In a nutshell, collaboration in SharePoint 2013 is part of long-term and broader goals of businesses while Yammer can be leveraged at a tactical level to meet real time needs. However, Microsoft is constantly coming out with series of updates to bring Yammer and SharePoint via Office 365. Some noteworthy updates were message translation in a threaded conversation that would allow people from different geography to participate in a conversation using their native language. Similarly, a Yammer app enables users to embed Yammer feeds into on premise SharePoint Server 2013 sites, providing a more social and engaging platform. Other updates included improvements to the Inbox and cross-platform mobile development on Windows, iOS and Android. Which brings us to the question, how many inboxes do we need? Where do end users spend most of their time? Probably, that is the place where social collaboration starts.
While a comprehensive use case analysis of SharePoint 2013 and Yammer’s socialfeatures would be a separate topic altogether, it is important to understand social collaboration at a workplace. After all that is where the fate of “social” hangs. In addition, it is the strategies and end user approval and not the platforms or tools, that will decide the fate of enterprise social collaboration. Therefore, it is important to understand workplace experience, stakeholders and why social strategies are needed for the success of enterprise social tools.
Defining Workplace Experience and understanding stakeholders
Workplace experience (WX), call it WX, that is where collaboration strategies evolve and all trending tools reach a tipping point. Workplace experience is the key component of collaboration, which is largely influenced by people, process and culture. Even the finest collaboration platform or tools will fail if it does not align people, process and culture to meet desired business objectives. Understanding the key stakeholders and their involvement, engagement and platform usage patterns help in exploring adoption and building collaboration strategies. Understanding how tools would fit into the process to optimize operation help in providing a seamless collaboration. Understanding workplace demography and behavioral patterns help in defining collaboration strategies. Thus, a clear understanding of stakeholders helps create a defining workplace experience.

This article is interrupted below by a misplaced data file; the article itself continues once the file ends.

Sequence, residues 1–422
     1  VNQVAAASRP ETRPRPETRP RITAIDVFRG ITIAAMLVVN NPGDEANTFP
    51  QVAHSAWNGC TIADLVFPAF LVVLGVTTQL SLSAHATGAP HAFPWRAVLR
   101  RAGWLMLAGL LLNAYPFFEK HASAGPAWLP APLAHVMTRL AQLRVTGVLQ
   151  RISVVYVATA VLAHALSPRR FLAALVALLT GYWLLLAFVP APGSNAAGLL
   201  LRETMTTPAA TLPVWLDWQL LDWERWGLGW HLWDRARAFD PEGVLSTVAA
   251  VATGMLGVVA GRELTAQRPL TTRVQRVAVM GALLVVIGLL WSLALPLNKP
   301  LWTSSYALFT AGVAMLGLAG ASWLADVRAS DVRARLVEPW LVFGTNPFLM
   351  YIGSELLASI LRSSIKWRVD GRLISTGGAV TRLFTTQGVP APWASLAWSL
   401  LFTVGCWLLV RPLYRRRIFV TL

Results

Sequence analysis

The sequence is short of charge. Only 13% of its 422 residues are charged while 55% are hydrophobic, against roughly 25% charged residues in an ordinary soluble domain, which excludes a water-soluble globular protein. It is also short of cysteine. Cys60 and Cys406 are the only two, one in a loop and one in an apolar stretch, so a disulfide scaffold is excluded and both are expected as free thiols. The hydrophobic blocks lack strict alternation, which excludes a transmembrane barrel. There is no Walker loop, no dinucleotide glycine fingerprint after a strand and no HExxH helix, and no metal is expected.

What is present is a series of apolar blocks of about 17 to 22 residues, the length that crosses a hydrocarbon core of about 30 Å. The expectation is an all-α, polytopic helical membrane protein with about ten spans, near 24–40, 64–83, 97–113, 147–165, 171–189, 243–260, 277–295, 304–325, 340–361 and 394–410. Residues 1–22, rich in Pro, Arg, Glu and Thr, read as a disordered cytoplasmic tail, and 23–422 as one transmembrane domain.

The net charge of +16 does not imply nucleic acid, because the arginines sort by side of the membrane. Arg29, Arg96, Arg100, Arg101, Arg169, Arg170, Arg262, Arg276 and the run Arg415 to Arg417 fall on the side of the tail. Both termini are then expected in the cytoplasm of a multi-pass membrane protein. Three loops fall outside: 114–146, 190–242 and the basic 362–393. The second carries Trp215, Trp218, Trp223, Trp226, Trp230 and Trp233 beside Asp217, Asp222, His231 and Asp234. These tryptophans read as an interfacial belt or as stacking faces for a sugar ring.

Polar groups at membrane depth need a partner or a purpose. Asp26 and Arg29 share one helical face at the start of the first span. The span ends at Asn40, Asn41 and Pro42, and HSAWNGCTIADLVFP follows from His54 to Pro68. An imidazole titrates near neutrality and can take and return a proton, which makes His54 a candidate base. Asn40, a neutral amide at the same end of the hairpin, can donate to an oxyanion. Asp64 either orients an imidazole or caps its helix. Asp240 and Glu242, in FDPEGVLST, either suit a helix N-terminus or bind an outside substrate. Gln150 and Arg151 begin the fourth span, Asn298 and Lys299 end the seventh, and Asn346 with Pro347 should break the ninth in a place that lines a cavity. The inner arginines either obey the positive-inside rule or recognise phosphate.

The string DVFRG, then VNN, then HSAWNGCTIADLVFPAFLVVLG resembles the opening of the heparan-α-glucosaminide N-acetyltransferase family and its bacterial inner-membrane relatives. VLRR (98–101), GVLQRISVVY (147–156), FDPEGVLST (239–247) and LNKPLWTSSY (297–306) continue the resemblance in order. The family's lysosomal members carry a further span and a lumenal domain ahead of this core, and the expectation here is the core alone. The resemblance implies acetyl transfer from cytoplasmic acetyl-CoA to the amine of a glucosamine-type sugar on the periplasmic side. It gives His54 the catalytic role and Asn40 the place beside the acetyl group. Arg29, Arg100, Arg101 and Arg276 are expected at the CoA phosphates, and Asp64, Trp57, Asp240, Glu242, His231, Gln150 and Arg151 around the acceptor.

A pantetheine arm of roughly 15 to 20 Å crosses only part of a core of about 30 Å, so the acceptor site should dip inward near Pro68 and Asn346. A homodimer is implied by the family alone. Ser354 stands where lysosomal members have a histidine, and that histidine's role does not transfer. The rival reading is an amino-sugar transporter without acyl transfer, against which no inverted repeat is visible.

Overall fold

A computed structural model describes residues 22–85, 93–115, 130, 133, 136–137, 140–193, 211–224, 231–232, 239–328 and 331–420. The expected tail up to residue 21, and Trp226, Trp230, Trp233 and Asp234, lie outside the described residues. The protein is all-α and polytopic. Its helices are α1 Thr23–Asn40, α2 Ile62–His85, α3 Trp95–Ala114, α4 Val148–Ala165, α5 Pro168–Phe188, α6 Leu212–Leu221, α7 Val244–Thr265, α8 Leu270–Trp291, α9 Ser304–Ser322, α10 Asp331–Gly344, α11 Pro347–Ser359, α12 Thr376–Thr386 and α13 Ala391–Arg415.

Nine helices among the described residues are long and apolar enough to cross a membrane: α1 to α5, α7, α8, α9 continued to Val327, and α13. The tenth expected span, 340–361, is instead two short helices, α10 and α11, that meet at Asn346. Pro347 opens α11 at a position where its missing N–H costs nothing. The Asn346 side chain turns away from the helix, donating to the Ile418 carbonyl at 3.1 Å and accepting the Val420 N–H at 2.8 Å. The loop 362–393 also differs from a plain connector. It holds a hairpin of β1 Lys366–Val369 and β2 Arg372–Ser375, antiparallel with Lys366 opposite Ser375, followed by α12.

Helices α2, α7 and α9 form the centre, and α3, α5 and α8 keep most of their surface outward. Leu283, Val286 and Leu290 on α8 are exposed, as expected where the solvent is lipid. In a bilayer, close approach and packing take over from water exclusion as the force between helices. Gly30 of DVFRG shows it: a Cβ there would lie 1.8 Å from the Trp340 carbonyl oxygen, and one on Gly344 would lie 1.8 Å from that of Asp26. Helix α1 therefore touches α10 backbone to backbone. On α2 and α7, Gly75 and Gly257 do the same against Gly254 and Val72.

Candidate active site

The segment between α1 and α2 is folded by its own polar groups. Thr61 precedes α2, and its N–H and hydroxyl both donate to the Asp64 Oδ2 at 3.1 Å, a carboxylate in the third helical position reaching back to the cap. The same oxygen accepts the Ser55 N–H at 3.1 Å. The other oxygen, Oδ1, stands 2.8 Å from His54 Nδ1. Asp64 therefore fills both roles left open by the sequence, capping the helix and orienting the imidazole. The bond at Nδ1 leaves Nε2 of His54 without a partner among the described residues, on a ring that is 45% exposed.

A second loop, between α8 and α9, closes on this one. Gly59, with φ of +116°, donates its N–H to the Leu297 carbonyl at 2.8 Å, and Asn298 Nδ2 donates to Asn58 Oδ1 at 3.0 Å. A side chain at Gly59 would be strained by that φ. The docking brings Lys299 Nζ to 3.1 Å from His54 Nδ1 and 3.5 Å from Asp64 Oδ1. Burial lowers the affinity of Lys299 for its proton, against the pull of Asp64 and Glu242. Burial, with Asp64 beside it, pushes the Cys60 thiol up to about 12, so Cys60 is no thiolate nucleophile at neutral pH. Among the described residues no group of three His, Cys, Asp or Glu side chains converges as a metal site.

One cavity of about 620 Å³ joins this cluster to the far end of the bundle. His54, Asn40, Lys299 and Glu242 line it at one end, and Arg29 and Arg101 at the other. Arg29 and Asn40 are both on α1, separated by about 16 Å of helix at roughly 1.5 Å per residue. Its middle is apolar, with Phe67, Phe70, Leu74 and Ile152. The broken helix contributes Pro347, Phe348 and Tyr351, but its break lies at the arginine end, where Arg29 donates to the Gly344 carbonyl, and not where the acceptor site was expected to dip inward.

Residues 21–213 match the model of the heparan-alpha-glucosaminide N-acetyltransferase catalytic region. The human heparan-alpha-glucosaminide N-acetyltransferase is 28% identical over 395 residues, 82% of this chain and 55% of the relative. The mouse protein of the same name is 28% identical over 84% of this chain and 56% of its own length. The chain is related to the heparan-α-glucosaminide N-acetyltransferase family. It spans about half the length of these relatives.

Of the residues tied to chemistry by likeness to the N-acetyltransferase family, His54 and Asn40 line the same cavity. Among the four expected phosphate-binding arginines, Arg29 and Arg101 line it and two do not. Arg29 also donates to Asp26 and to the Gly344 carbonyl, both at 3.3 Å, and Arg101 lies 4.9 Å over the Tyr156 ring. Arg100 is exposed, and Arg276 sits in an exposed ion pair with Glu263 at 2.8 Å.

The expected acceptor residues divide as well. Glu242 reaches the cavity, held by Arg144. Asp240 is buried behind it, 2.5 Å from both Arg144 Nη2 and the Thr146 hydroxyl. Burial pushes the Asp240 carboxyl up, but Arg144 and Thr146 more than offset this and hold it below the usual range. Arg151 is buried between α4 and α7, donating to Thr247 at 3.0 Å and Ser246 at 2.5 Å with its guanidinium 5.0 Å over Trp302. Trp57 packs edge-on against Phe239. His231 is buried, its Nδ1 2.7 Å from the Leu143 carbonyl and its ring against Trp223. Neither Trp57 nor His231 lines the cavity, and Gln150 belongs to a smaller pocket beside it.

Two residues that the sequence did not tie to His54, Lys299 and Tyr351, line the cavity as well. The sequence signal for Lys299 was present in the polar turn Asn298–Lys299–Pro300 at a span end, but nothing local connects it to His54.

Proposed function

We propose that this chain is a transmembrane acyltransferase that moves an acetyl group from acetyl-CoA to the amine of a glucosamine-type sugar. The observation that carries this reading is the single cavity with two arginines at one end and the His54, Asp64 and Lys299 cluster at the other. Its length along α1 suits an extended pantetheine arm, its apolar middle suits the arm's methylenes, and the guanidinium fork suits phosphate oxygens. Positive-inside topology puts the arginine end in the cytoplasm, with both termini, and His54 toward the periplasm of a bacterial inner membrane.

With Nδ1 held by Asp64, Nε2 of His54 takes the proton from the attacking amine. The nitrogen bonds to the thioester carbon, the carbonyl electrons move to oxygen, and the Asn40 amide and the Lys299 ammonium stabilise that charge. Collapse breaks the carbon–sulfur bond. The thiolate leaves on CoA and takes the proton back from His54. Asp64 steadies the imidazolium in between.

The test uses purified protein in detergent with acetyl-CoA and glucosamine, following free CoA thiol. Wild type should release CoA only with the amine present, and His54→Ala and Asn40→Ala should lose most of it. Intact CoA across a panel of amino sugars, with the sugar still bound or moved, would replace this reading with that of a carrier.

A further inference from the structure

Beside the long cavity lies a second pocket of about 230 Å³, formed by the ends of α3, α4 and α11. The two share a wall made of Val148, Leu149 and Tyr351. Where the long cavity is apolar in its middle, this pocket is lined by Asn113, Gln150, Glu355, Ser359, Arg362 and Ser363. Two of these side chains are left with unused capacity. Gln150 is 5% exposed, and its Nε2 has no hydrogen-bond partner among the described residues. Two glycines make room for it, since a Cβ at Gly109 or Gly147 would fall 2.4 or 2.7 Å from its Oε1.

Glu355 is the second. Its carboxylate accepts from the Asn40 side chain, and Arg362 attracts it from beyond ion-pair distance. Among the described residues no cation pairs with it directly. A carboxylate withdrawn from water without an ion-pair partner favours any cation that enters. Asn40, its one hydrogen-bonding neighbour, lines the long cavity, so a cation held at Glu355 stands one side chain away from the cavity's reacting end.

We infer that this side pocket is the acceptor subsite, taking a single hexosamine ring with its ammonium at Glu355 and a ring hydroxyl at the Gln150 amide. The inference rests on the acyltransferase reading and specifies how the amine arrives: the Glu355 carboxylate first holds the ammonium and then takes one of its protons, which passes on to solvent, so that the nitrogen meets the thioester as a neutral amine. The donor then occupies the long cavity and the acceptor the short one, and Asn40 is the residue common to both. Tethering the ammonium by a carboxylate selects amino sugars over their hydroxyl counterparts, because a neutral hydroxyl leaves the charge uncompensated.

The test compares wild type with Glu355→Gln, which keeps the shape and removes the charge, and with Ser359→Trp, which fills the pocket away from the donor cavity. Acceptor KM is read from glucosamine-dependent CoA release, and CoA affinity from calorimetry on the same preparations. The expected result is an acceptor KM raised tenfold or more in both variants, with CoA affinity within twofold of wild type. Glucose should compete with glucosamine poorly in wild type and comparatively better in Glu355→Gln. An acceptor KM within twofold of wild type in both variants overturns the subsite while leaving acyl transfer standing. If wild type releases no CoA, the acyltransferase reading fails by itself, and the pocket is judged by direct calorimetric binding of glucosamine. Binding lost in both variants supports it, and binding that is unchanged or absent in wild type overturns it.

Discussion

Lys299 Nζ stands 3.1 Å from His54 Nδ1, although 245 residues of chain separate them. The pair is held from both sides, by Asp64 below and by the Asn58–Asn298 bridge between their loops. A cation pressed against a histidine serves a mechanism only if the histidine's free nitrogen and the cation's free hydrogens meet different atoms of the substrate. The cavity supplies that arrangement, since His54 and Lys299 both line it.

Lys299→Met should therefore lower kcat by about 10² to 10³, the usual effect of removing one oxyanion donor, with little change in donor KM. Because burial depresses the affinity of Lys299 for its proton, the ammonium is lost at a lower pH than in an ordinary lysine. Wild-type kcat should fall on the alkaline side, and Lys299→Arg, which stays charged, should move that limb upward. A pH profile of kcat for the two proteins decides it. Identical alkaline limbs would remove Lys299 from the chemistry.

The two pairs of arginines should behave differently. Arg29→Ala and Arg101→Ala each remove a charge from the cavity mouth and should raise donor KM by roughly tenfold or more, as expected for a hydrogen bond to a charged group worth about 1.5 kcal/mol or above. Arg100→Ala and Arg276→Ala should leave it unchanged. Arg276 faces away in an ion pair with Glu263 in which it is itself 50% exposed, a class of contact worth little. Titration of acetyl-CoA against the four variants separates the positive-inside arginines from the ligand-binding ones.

An organization’s culture largely affects social networking. The pervasive fear of bringing in an entirely new culture that could disrupt the established order constantly looms. One common concern that incurs conflict of interest between HR department,and other cross-functional departments are an instance of inappropriate content being posted in a public forum. They fear that such instances can disrupt the workplace dynamics as the grapevine spreads like a wildfire. Other assumptions revolve around security, regulatory and compliance, company’s internal brand positioning and most importantly social networking is a productivity killer. While these assumptions stem from valid concerns, it is too early to decide whether the social tools are a complete failure or works as a passive enabler in leveraging knowledge workers in organization. At the least, it needs a push by formulating social strategies and then exploring appropriate choices available.
Why Social Strategy?
The competition keeps organizations on their toes and propels them to try out all trending options before them. Similarly, implementing tools to meet strategic goals require investment that expects ROI over a period. However, when it is time to measure the success (aka ROI) yet another version pops up, and enterprises run around hunting for partners for upgrade services- meaning incremental investments. Then we have an endless keynote sessions, events and seminars to justify these investments. We have seen these trends over the past few years and CIOs, tech-pundits, consultants and evangelists have racked up their brains to quantify “productivity Gains” with collaboration suites like SharePoint, Office 365. However, the bright spot is SharePoint remains a preferred choice forenterprises’ collaboration when it comes to document/record management, file sharing, search, workflow intranet portal and so on and so forth. What made this collaboration landscape more interesting was the advent or integration of “Social” that opened the floodgates of opportunities demanding a shift from a multi-pronged Intranet model to a more vivid, interoperable, responsive, interactive, engaging and intuitive- “The Social model”.
For social model to succeed, it is imperative to have a social strategy at place. Unless there is a perceived benefit for stakeholders, there is no point of embracing social tools. Organizations which have succeeded in social adoption as part of their collaboration ballgame, are the ones who have invested time and effort building a strategy on the contrary, to the ones who are still stuck in justifying their moves.